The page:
the World Trade Organization.- International Trade Statistics (ITS):
Annual publication including
detailed analysis and tables for 2007 (leading traders, trade
by sector and product, regional trade, LDCs, etc.)
International Trade Statistics, 2009
Data in real terms show that world gross domestic product (GDP) and
world merchandise exports not only move in tandem, but that export growth
exceeds GDP growth. Growth of world GDP is associated with an even
higher growth in international trade. Declines also show the same tendency
as is shown by Chart I.1 on the volatility of world merchandise trade and
GDP from 1960 to 2008.
It is important to bear in mind that
merchandise trade flows are recorded
on a “gross basis” whereas GDP
measures the value added during the
production of goods and services (i.e.
output less intermediate consumption). This means in particular that traded intermediate products are only taken into
account in GDP through the additional value produced at each step of the production process. In merchandise trade
data, intermediate goods are counted at full value each time they cross the frontier. A higher number of cross-border
movements in the case of intermediate manufactured goods may therefore result in a higher growth of merchandise
trade compared to GDP. The emergence of international supply chains increases this phenomenon.
International Trade Statistics 2009 continues to serve
as an invaluable reference for researchers, policy makers, and anyone interested
in international trade. Previous
editions of ITS
Trade Statistics, 2008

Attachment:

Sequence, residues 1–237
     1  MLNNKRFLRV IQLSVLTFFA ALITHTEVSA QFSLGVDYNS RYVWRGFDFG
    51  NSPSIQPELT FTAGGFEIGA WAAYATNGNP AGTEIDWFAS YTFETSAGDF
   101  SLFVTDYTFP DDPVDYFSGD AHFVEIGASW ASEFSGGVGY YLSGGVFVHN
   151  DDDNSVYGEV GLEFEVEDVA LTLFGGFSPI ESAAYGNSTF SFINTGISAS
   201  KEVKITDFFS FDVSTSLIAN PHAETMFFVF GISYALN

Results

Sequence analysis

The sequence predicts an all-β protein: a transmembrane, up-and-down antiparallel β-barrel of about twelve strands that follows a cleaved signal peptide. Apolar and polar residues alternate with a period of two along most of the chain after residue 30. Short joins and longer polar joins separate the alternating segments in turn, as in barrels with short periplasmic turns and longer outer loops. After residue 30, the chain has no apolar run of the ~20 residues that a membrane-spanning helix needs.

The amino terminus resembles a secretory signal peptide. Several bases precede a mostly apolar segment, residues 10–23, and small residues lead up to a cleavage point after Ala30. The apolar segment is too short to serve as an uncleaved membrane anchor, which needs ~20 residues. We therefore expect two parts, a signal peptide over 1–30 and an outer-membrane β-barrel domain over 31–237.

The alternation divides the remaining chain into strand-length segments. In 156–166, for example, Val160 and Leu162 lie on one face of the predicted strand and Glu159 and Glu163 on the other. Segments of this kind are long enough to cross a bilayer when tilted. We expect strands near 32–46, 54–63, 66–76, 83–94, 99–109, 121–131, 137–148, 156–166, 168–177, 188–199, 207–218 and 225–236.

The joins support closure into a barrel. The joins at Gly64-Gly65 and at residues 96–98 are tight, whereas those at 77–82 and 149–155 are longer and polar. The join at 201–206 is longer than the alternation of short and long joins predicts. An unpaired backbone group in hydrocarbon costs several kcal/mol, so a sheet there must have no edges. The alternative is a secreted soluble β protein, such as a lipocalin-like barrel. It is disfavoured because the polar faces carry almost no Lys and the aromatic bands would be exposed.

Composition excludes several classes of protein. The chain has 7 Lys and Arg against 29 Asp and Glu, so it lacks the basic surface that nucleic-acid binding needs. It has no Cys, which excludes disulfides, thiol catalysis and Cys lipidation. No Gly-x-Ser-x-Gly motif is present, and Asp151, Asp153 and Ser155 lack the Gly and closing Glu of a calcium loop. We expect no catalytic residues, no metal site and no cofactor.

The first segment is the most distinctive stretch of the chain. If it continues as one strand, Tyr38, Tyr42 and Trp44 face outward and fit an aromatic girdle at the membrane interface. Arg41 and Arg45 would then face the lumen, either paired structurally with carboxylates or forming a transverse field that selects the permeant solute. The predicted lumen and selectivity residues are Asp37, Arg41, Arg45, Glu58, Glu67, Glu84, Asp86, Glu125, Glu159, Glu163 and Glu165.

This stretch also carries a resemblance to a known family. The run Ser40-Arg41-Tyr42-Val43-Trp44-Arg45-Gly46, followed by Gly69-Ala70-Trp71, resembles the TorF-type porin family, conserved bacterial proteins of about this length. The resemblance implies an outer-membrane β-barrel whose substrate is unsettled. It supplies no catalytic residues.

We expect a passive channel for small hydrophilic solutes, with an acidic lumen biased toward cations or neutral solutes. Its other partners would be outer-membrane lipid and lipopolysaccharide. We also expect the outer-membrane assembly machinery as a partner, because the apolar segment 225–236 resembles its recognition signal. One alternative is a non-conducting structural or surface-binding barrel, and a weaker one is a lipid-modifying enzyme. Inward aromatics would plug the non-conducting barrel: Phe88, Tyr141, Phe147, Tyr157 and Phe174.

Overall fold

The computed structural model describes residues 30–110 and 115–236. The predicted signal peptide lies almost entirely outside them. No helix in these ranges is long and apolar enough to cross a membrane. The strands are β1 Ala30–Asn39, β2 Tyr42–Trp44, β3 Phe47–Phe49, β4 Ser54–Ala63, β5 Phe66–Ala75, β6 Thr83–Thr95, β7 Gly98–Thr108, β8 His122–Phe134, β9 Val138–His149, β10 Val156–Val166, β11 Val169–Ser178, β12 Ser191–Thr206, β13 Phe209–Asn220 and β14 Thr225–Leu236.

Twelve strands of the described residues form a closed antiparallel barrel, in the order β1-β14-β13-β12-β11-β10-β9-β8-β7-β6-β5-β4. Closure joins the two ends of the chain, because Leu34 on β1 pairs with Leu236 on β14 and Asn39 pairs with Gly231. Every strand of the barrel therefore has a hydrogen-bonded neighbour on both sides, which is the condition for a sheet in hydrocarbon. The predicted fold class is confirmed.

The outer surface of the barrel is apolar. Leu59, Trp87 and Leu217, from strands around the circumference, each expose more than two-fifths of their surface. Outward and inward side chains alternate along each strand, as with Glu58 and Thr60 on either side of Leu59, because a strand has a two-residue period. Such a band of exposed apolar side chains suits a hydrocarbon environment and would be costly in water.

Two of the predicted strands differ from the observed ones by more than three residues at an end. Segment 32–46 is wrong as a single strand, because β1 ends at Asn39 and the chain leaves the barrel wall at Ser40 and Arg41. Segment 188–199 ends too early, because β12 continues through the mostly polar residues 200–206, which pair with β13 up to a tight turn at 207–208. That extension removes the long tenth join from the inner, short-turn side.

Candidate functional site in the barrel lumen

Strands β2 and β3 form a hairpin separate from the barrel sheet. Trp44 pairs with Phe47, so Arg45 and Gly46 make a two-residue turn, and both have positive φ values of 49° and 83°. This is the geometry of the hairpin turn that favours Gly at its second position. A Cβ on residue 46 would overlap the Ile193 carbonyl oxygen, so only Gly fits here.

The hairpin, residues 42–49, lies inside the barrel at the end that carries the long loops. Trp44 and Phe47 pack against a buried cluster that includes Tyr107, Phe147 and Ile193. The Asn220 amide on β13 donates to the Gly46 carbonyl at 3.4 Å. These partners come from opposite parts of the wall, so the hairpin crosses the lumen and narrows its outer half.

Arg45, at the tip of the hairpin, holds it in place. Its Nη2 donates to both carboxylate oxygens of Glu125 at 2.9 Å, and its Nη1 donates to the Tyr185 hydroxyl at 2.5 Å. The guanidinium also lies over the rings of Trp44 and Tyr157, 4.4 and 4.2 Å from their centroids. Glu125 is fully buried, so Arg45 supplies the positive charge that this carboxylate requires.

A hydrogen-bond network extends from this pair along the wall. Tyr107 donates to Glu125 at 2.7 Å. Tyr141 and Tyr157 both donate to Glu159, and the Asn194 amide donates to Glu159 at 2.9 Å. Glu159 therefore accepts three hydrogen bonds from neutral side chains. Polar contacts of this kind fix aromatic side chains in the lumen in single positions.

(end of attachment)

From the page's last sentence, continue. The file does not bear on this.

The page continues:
Trade slowed down in 2007 due to weakening demand from developed economies.
Realignments in exchange rates and fl uctuations in the prices for commodities,
such as oil and gas, introduced uncertainties into the global markets. Growth
in world merchandise exports slipped to 6 per cent in real terms in 2007, following
a year-to-year expansion of world gross domestic product (GDP) of 3.4 per cent.
The slowdown of trade growth from 8.5 per cent in 2006 is due to a deceleration
of import demand, mainly in the United States but also in Europe and Japan.
Trade remained strong in most developing countries. Regions such as Africa, the
Middle East, the Commonwealth of Independent States (CIS), developing Asia,
and South and Central America showed sustained growth in their economies in
2007. While higher commodity prices
helped to improve the financial situation
of certain countries, higher energy and
food prices also increased infl ationary
International Trade Statistics 2007
International Trade Statistics 2006
International Trade Statistics 2005
International Trade Statistics 2004
International Trade Statistics 2003
International Trade Statistics 2002
International Trade Statistics 2001
report provides comprehensive, comparable and up-to-date statistics on trade
in merchandise and commercial services for an assessment of world trade flows
by country, region and main product groups or service categories. Read press
release for explanations and highlights.
tables and charts depict trade developments from various perspectives and
provide a number of long-term time series. Major trade developments are
summarized and discussed in the first part of the report under Overview.
Detailed trade statistics are provided in Appendix tables. This volume has